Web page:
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Seaweed film could be the future of single use plastic packaging

London-based company Notpla was granted $13 million to boost sustainable packaging using seaweed. It hopes to replace hard-to-recycle plastic films used for food and clothing wrapping.

The magical plant that holds together sushi rolls, adds flavour to our ramen bowls, and grows abundantly in the ocean has become an unlikely, yet perfect alternative to plastic film.

Notpla, short for ‘not plastic’, is based in London. The company started its venture into sustainable packaging by producing a biodegradable and edible pouch containing water – a strange looking but practical replacement for pesky plastic bottles.

Still used at various festivals and during the London Marathon, the blob-like parcels of water called Ooho are made from brown algae and calcium chloride. The two components form a clear protective gel, keeping the water inside clean.

If accepted by major factories, the Ooho can hugely reduce costs for companies during the manufacturing process, as most of the cost for creating bottled water comes from the creation of plastic. The UK on its own uses 7.7 billion of these bottles each year.


Now, Notpla has secured $13 million in funding from Horizon Ventures to begin finding sustainable replacements for notoriously hard to recycle plastics, like the protective film found on food packets.

The goal of the project is not to just switch this plastic with a material that can be more easily recycled, but with packaging that disappears all together. The multi-million-dollar funding will help to improve the performance of the plant-based material already used for Ooho pouches.

In recent experiments, Notpla’s workers discovered that seaweed is far easier to manipulate than plastic. It behaves differently and is substantially more versatile compared to traditional plastic chemicals like polyethylene or polypropylene.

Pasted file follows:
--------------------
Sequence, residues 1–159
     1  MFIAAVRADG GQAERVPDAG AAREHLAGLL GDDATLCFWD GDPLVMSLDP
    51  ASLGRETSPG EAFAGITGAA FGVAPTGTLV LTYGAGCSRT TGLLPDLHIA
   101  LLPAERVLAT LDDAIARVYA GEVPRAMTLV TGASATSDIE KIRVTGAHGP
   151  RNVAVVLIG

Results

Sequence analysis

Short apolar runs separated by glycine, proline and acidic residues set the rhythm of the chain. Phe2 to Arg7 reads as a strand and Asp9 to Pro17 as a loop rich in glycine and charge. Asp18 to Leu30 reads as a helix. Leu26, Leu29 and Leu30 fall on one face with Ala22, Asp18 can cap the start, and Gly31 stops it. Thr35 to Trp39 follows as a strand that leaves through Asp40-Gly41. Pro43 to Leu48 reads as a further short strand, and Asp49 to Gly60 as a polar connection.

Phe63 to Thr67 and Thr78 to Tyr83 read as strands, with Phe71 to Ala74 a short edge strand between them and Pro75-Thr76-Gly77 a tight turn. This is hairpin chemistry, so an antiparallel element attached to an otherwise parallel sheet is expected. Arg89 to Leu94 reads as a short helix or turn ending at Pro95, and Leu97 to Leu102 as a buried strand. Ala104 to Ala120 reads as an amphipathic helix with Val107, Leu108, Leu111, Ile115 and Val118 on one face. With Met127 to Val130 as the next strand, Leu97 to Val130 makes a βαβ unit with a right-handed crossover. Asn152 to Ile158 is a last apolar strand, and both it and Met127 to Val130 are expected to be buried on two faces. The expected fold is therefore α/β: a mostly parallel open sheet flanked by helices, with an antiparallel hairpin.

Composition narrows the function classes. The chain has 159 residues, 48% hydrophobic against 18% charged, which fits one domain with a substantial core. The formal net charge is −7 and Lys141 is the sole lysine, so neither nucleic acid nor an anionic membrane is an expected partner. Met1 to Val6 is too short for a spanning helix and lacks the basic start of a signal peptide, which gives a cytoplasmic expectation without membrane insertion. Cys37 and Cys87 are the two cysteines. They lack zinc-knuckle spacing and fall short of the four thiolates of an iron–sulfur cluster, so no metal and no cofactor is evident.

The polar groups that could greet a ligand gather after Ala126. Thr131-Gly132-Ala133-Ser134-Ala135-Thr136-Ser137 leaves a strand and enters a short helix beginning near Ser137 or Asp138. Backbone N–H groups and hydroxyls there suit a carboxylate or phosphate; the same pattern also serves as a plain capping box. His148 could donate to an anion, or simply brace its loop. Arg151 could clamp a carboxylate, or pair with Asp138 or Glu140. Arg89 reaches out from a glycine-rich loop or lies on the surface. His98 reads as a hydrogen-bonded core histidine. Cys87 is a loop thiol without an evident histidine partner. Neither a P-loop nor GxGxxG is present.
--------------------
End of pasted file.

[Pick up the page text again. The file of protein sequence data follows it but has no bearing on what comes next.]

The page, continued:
The tasteless, plastic-like seaweed film dissolves completely when dropped into hot water, offering an environmentally friendly alternative for wrappers around single serving coffee pouches, noodle packets, and teabags.

A single teabag made from plastic can release as many as 11 billion microplastics into hot water. Notpla’s soluble teabags would do the same job – minus the plastics of course – and provide increased fibre intake (thanks to the natural seaweed) and could even be infused with antioxidants to increase health benefits.

The film is already being trialled to hold sauces and dressings, designed to be eaten afterward – if you’re feeling extra hungry.

The possibilities of this new packaging don’t stop at food.

Seaweed-based films could also encapsule household liquids such as plastic wrapped washing pods, which don’t fully dissolve. Most end up rinsed out of machines before beginning a long, endless journey through our water systems.

With more trials conducted to increase durability, the plant-based ‘plastic’ be used for packaging we’re accustomed to receiving clothing orders in. This would reduce our plastic consumption greatly, as the fashion industry is responsible for 26 percent of plastic film produced each year.

Pierre-Yves Paslier, the CEO of Notpla said, ‘We’re leveraging the natural attributes of seaweed and things you find in nature and not only replacing things that have been made out of plastic but rethinking the format.’

Considering that single use packaging accounts for 70 percent of the plastic waste we throw away each year, implementing a sustainable solution could be a game changer for people and the planet.

It’s very encouraging to see large sums of funding going towards plant-based replacements for widely used plastic materials. And though they may be slow to implement on a global scale, Notpla is certainly taking a huge step in the right direction.